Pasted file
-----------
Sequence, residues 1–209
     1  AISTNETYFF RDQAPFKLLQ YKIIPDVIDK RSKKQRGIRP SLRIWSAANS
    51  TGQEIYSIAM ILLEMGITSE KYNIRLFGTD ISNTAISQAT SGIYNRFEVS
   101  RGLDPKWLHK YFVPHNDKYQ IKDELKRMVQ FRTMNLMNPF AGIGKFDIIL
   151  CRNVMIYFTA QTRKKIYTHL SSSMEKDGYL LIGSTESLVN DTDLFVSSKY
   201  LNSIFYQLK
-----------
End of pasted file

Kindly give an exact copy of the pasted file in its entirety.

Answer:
Sequence, residues 1–209
     1  AISTNETYFF RDQAPFKLLQ YKIIPDVIDK RSKKQRGIRP SLRIWSAANS
    51  TGQEIYSIAM ILLEMGITSE KYNIRLFGTD ISNTAISQAT SGIYNRFEVS
   101  RGLDPKWLHK YFVPHNDKYQ IKDELKRMVQ FRTMNLMNPF AGIGKFDIIL
   151  CRNVMIYFTA QTRKKIYTHL SSSMEKDGYL LIGSTESLVN DTDLFVSSKY
   201  LNSIFYQLK